Perilous position for independent museums
- Credit: Andy Crouch
A reader who specialises in writing about culture fears some independent museums will not recover from lockdown, but also highlights how museums are connecting with new audiences including a tv documentary and older volunteers taking over social media.
Tourism is the lifeblood of Norfolk. Each year the tens of millions of visitors who flock to the county are worth more than £3.3 billion to the region’s economy. This income supports over 67,000 jobs for local people across a wide variety of industries.
However, 2020 will not be a normal year. Despite the lucrative summer holidays fast approaching, the stark message that “now is not the time for tourism” from Visit Norfolk provides all the proof needed that tough times lie ahead.
One of the hardest hit areas will inevitably be the culture sector. Many Norfolk museums are reliant on summer visitor revenues for as much as 90% of their annual incomes. For independent museums with no financial backing from the Government or Arts Council the outlook is especially grim.
Andrew Lovett, chairman of the Association of Independent Museums, says the loss of income already experienced by museums over the Easter holiday has ‘left many in a perilous position,’ adding: “Independent museums across the UK are struggling to see a route out of this crisis, even once the lockdown is lifted.”
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One such institution is the RAF Air Defence Radar Museum near Horning. Site manager Lynn Kerslake took the decision to close before legally obliged, so volunteers aged over 70 were safe. Now she is busy seeking emergency funding and says re-opening feels ‘A very long way down the road,’ if it is able to happen at all.
Sheringham Museum, which relies on footfall from visitors and school bookings for income, has lost £6,000 in the past month alone.
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Stephen Machaye of the Norfolk Tank Museum said uncertainty around when the government will sanction a return to work made planning very difficult, although a flurry of supportive messages on social media and a grant from South Norfolk Council helped immensely.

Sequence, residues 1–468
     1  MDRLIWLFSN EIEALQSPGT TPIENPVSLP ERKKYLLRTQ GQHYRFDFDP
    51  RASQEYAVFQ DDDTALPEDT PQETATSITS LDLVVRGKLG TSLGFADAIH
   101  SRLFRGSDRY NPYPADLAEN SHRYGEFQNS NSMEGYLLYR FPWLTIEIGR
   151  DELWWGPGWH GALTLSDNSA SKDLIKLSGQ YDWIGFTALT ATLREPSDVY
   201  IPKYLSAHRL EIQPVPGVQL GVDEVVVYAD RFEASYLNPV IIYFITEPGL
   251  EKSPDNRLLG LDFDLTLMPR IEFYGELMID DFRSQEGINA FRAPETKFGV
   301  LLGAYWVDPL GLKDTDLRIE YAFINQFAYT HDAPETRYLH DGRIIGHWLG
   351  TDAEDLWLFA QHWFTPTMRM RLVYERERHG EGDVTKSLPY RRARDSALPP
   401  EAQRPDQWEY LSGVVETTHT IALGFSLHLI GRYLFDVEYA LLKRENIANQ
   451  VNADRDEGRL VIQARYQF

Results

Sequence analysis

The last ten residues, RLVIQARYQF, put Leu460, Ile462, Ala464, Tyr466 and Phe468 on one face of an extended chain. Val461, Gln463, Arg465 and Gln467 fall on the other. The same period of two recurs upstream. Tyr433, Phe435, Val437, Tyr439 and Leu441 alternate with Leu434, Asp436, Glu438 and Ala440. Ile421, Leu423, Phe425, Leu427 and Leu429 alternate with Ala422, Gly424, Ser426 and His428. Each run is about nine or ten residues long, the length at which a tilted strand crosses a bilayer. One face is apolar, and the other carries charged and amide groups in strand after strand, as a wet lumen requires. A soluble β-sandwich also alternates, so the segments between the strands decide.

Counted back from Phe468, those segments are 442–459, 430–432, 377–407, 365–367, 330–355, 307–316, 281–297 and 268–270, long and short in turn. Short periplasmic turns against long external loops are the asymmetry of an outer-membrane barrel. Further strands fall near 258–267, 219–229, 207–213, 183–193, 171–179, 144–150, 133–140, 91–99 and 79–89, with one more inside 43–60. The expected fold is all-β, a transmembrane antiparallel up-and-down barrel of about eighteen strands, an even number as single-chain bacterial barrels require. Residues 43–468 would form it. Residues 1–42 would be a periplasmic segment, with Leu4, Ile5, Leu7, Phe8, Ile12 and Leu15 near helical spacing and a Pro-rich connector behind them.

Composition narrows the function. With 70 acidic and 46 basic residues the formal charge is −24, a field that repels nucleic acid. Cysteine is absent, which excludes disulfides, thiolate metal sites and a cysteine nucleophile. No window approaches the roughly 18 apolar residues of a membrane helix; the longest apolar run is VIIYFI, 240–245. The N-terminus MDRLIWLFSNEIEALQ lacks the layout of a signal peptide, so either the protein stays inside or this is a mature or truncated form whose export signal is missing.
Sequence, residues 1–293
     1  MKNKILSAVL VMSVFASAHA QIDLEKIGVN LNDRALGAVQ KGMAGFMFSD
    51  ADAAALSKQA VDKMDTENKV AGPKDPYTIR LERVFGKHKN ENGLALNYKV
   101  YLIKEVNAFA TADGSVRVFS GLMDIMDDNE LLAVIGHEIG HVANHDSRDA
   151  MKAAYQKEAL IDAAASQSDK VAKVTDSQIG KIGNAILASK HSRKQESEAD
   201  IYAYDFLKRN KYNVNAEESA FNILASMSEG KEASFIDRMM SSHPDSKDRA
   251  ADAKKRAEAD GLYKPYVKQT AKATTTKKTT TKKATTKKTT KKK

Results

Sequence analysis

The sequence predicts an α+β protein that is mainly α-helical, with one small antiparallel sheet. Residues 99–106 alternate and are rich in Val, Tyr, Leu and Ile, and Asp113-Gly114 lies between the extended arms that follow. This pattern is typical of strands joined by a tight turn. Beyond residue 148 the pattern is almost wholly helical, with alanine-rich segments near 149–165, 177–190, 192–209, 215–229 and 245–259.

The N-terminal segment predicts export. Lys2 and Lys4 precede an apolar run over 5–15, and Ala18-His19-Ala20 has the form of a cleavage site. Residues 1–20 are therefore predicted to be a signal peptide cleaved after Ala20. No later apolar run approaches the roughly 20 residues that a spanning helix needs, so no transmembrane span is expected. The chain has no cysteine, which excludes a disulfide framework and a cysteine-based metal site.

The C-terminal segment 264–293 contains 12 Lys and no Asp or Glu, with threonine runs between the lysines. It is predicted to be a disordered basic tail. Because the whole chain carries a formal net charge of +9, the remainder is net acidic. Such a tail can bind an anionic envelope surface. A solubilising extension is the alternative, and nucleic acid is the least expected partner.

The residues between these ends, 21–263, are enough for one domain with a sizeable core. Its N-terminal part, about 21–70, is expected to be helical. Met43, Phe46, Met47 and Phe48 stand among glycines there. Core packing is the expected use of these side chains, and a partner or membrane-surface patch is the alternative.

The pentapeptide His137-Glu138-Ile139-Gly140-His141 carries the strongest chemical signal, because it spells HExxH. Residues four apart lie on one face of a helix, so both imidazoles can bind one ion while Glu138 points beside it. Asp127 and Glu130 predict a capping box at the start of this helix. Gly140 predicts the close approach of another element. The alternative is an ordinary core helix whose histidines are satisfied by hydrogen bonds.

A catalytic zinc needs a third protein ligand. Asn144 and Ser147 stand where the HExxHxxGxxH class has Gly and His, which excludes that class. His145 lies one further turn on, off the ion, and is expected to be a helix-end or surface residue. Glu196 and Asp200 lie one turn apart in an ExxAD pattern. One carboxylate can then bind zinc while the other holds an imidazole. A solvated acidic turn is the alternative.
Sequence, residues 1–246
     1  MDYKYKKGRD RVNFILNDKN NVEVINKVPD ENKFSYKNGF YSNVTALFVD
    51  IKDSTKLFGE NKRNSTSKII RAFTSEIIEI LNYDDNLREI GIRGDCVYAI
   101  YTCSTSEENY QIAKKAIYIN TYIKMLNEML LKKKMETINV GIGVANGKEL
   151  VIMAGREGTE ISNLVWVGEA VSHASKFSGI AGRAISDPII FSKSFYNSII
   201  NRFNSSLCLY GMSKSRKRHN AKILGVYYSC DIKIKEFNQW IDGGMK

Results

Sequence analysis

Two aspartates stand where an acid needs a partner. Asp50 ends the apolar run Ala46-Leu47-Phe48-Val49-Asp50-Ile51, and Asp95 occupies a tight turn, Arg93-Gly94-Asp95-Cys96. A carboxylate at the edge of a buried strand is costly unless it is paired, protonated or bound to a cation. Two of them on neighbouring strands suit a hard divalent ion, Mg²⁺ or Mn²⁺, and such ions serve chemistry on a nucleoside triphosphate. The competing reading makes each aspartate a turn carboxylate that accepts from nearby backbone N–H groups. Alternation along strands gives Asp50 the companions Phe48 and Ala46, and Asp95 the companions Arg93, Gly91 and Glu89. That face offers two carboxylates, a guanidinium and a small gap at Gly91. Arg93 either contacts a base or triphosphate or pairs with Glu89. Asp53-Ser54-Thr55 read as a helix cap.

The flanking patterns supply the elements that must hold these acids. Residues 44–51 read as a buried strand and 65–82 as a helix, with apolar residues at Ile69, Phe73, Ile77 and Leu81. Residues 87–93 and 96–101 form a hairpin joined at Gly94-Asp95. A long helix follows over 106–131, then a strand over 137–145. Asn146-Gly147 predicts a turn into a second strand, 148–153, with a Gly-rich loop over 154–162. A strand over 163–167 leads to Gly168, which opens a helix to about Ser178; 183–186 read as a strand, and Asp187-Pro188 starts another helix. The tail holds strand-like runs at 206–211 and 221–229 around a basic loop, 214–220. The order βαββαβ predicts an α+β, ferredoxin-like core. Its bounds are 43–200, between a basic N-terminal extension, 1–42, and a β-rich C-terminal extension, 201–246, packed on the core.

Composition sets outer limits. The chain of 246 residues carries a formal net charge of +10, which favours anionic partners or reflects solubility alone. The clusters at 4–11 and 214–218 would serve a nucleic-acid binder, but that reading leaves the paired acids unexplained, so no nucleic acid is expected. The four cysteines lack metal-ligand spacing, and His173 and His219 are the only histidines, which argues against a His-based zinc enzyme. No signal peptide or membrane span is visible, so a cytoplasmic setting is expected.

With the majority of self-sustaining institutions across Norfolk facing similar situations, Jamie Everitt, regional museums development manager at SHARE Museums East, warned: “If full lockdown continues for a prolonged period then museums will start to lose substantial amounts of income.”
SHARE was established in 2012 to support museums throughout East Anglia and has been putting together packages to help museums survive since lockdown began. It is now moving on to look at what will be needed to help museums recover from lockdown but Jamie said: “The future for all museums will depend on how the economy responds in the longer term.”
None of the county council’s 10 Norfolk Museums Service sites are in immediate danger of permanent closure, although John Ward, chairman of the Norfolk Joint Museums Committee, said it had been a difficult time. Lynn Museum, Time and Tide Museum, Norwich Castle and the Museum of Norwich have all embarked on, or continued, online initiatives to connect with as many people as possible.
With the majority of its funding secure the Sainsbury Centre for Visual Arts, at the University of East Anglia, is another of the region’s cultural hubs managing to stay above water. A quarter of its income has nevertheless been wiped out during lockdown.
“The university is going to be substantially hit, both in this financial year and the next,” explains the Centre’s acting director, Ghislaine Wood. “There will be some knock-on impacts for us, but we aren’t sure what that will be yet.”
“The best thing anyone can do to support us is to visit as soon as the Centre’s back open,” she said, adding that donating, joining as a member and using the online shop all help provide additional revenue streams.
In some much-needed positive news, its Art Deco by the Sea exhibition is the focus of an episode in the BBC’s Culture In Quarantine series, now available on iplayer.
Another large-scale exhibition with a less certain future is Dippy on Tour, which was set to open in July at Norwich Cathedral. The final stop on a nationwide tour which has already attracted more than 1.5 million visitors, the arrival of the Natural History Museum’s famous diplodocus skeleton would have been the perfect sequel to last summer’s hugely popular helter skelter.
As with any crisis, shoots of optimism can often be found in unlikely places. As the team in charge at Swaffham Heritage Museum work to secure crucial funding, a band of older volunteers have taken the reigns on social media. It has been a steep learning curve for many of them, said volunteer manager Sue Gattuso, but it is hoped that keeping YouTube, Facebook and Twitter active while the museum’s doors are closed could help attract new visitors when lockdown ends.
It seems cruel that any of the county’s museums, devoted to preserving relics from the past for the public to enjoy, should find themselves consigned to the history books. With a little luck and the continued support of their local communities, that will not be the case.